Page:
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Wichita lawmaker floats idea of selling KU Hospital

  • Eagle Topeka bureau
  • Published Tuesday, May 8, 2012, at 11:50 p.m.
  • Updated Tuesday, April 16, 2013, at 9:24 a.m.

TOPEKA -- Rep. Gene Suellentrop, R-Wichita, this evening offered an amendment to study the viability of selling the University of Kansas Hospital in Kansas City.

But he withdrew it after House Speaker Mike O'Neal, R-Hutchinson, called it a "bad idea" that wasn't discussed with House Republicans until the late hours of a nine-hour budget debate.

The idea has been floated in the past, but has never gained traction.

"Should the state be in the hospital business?" Suellentrop asked. "We have a robust medical community in Wichita that works just fine, privately owned. Could that not be the same occurrence here?"

He said lawmakers need more facts in order to decide, and he stressed it would be a multiple-year decision process. "It may prove that we should keep it, and I'd be fine with that," he said.

O'Neal said Suellentrop didn't share his proposed amendment with the Republican caucus, where lawmakers usually map out their day and share amendments they plan to propose.

"This is a big deal," O'Neal said. "This is neither the time nor the place... to be deciding on a issue that does not need to be fixed."

"Bad idea, bad time, so vote against it," he said.

House Minority Leader Rep. Paul Davis, D-Lawrence, said sending a signal about the state selling the hospital "would be an awful decision" for the House to make with National Cancer Institute designation pending for the University of Kansas Medical Center. He said that would provide Kansans with cutting-edge cancer treatment and generate economic development.

Rep. Don Hineman, R-Dighton, said KU School of Medicine could probably survive without the hospital, but he said it would damage it. He said it's a profit center for the state.

"To jeopardize that would make no sense," he said. "It would make about as much sense to sell the WSU baseball team."

Suellentrop said many people have ties to KU and are emotionally attached to the name.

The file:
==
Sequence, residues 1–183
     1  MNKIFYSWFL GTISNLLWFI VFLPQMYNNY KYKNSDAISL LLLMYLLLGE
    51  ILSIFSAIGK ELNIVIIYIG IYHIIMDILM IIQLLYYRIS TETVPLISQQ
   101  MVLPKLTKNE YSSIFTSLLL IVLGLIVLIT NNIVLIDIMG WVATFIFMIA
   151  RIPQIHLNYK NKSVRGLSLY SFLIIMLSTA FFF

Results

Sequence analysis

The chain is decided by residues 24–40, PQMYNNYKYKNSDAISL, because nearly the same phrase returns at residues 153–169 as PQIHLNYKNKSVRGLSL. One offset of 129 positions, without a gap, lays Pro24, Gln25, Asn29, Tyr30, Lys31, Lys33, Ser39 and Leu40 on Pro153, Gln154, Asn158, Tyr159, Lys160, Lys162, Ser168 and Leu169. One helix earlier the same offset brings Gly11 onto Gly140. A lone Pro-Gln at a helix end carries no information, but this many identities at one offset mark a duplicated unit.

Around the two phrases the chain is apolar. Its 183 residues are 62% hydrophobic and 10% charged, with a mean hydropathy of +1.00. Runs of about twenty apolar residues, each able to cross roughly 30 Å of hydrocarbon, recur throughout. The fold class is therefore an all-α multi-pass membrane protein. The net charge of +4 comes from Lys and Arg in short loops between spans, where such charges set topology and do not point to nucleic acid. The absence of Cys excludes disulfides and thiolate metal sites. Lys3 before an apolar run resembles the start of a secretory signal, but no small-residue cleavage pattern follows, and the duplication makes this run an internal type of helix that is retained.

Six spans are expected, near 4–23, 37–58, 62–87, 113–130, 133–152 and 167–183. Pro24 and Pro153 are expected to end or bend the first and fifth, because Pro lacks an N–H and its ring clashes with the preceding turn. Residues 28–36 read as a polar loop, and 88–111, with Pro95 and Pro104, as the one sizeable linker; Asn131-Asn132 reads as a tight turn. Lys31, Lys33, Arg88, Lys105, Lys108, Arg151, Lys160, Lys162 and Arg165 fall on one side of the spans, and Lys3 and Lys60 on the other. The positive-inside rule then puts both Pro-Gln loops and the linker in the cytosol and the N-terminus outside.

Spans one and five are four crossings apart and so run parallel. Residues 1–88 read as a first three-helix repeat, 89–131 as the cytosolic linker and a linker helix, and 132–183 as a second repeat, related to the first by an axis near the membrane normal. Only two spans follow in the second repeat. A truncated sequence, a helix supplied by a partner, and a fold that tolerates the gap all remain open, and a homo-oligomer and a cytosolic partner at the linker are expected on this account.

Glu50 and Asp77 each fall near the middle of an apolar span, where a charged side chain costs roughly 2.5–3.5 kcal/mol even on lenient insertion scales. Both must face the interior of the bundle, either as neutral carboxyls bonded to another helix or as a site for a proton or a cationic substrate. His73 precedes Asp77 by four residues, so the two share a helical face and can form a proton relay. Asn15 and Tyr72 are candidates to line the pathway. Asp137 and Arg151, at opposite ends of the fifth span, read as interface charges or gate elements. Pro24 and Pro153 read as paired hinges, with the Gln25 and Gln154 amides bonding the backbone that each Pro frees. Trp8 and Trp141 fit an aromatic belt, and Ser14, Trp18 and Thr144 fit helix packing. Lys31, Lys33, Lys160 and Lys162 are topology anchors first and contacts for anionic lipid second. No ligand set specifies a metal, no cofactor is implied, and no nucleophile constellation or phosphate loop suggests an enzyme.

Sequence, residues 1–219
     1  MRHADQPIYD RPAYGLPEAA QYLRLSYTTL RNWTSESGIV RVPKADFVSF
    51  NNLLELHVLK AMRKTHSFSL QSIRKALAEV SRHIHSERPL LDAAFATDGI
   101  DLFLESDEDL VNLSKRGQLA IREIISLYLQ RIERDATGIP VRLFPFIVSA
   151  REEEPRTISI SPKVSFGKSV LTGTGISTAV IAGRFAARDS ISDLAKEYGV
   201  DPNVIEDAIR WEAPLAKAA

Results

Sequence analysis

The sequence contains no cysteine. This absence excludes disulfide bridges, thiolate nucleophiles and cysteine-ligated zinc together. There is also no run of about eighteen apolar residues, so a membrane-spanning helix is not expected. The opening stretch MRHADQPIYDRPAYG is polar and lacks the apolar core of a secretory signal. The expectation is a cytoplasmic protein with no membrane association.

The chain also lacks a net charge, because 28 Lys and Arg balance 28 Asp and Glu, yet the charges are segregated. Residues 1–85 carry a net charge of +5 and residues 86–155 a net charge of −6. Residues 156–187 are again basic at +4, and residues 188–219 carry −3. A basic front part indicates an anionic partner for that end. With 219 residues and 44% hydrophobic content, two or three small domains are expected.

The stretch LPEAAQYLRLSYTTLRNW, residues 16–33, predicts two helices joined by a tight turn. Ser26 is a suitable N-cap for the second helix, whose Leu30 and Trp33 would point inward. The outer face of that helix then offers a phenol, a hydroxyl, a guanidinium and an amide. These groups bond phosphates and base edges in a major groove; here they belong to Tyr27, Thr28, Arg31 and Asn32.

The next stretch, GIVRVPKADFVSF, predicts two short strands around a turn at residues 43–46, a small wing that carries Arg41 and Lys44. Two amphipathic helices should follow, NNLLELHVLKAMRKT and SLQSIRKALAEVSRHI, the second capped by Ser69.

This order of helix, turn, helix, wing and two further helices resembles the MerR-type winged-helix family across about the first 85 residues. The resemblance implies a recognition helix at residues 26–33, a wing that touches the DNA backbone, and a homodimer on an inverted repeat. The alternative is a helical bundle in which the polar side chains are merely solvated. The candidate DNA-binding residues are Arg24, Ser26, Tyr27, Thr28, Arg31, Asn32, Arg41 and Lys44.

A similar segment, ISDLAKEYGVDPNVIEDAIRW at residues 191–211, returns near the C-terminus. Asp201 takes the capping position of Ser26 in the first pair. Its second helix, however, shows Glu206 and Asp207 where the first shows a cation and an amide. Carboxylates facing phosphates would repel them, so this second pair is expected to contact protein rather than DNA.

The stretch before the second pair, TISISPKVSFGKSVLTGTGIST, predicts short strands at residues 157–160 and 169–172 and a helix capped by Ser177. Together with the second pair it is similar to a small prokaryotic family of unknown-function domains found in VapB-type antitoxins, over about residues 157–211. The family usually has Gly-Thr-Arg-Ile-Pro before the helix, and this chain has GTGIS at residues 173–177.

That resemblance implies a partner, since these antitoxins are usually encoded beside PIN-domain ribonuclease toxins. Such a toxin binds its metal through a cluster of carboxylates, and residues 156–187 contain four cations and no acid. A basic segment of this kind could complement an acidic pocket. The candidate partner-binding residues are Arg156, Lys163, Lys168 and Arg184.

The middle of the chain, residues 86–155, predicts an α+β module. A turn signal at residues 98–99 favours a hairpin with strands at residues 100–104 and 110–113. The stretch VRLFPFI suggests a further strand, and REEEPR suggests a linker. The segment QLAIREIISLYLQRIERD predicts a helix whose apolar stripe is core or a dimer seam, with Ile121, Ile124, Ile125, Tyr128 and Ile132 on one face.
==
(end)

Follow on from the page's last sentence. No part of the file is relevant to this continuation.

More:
"If it were Fred Brown Hospital, I think it would take on a different character," he said.

Wichita Republican Rep. Brenda Landwehr said the hospital has nothing to do with the National Cancer Institute designation.

Landwehr said a study may find selling the hospital isn't a good idea.

"It's very possible that it is an asset that we should keep and perhaps even improve on," she said. She said the KU School of Medicine in Wichita faced a funding crisis years ago and now gets funding from two private hospitals in the city and is doing well.

"We have a very good model down in Wichita with Via Christi and with Wesley, and the pass-through Medicaid dollars they give to the medical school, which means less funds the state has to put in," she said. "So it might be better if we had a private entity and we looked at a funding mechanism like we have down there and the relationship we have."

The House earlier this week approved a bill that would, among other things, bar residents at the University of Kansas Hospital from performing abortions on state property or on state time.

As that debate wound through the Statehouse throughout the session this year, it sparked questions about whether the medical center would lose accreditation of its obstetrics and gynecological program. Lawmakers altered the bill so that its medical residents could do abortions off-site, on their own time, for a year.

Suellentrop and Landwehr said it's not about abortion.

"What this study may prove is that we should, in fact, sell this facility," he said.

The idea isn't going away.

Suellentrop said he plans to keep the discussion going.

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